It's now a relationship. If you're lucky, it becomes a love match. <3 font="">

Now, do you have to tell them everything? The color of your undies? Your addiction to THE BLACKLIST? I say skip the undies and stick with things that can potentially connect you to your readers. A shared love of a TV show. A shared love of crocheting. Or even introducing them to something like the history of firehouses that potentially builds a hobby for them.

YOU DO NOT HAVE TO GET SO PERSONAL. You don't have to post pix of the grandkids if you don't want to. But that means you need to find other ways to connect with them. Because the key here is CONNECTION...

Oh, crap. It's almost 8:30 and I have to write. So I'm off for now.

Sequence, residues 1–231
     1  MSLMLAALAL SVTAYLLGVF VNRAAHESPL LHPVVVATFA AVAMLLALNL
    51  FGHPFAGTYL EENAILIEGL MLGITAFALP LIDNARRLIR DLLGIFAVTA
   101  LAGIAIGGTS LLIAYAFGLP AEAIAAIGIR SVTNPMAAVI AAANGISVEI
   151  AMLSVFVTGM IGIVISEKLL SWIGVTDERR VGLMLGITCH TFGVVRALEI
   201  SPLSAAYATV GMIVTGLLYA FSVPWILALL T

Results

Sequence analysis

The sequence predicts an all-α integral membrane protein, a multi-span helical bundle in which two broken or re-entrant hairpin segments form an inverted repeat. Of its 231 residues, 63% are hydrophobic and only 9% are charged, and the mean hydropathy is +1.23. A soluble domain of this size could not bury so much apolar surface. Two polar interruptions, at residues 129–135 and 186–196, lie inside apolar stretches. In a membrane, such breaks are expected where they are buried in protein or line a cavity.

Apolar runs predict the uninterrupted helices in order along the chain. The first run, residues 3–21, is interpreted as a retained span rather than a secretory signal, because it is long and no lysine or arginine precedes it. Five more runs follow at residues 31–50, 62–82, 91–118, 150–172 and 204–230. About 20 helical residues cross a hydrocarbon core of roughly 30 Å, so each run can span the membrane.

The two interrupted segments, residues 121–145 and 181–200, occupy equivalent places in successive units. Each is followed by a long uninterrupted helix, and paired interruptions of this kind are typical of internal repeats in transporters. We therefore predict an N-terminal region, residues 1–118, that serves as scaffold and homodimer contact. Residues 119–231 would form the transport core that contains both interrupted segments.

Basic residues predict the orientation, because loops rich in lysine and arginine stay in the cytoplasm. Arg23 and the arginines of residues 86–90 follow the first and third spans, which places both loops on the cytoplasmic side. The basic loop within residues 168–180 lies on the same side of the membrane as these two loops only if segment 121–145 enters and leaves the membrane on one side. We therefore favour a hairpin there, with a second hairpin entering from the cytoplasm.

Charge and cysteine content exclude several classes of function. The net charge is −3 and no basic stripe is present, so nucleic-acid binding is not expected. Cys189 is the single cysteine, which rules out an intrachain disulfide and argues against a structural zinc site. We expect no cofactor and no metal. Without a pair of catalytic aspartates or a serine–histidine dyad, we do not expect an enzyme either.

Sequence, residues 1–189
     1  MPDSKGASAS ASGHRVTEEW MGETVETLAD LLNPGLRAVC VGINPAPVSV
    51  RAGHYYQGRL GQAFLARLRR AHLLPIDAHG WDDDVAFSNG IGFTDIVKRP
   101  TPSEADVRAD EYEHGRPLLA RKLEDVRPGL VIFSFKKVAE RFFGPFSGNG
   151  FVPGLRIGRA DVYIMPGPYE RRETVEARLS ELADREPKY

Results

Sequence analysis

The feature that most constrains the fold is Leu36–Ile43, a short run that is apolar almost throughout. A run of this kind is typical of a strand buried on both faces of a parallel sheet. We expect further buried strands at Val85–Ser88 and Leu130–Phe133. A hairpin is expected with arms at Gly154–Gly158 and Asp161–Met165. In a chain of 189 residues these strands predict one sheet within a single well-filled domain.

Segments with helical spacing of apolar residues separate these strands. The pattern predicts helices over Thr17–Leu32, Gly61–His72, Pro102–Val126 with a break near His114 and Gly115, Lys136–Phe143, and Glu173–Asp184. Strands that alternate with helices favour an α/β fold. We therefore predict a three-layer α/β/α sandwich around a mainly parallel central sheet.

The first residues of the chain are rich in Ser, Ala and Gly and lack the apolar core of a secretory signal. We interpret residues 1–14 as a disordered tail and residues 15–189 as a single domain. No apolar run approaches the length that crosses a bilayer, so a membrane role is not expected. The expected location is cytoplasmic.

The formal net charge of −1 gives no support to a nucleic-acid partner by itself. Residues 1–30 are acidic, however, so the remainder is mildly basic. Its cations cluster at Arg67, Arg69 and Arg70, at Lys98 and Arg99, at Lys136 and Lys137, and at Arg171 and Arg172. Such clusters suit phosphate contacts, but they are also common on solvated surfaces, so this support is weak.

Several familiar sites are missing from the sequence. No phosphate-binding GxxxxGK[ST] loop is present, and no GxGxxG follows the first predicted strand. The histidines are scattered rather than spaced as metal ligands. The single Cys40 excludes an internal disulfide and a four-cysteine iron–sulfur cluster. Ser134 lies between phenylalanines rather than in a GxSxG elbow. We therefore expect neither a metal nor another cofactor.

But chew on all of that. :)

And Happy Monday

susan meier

Monday, October 20, 2014

On my way to Ninc

Ninc? What's Ninc?

Novelists Inc. The conference is in Tampa. I leave Wednesday. My capris are packed, along with my tank tops. LOL

So what are we going to do at the Ninc Conference?

Well, first ,you should know that to become a member of Novelists Inc. you need to have published at least two books. (Sorry, I know the rules have been updated, but I'm not familiar with the requirements pertaining to self-published.)

Because everyone in the group is multi-published, there are no workshops on "how to write." It's assumed we all know how to write. LOL Our workshops are on the industry.

And what an industry it is lately. LOL

There are speakers from Amazon, Apple, Kobo, Audible, Sourcebooks, Writer's Digest, Create Space, Audio Book Creation Exchange, Draft2Digital...not to mention agents, editors, publicists and best-selling authors.

We are going to hear some great stuff...some very technical stuff. So I'll be taking shorthand. LOL Because there is a lot I don't know!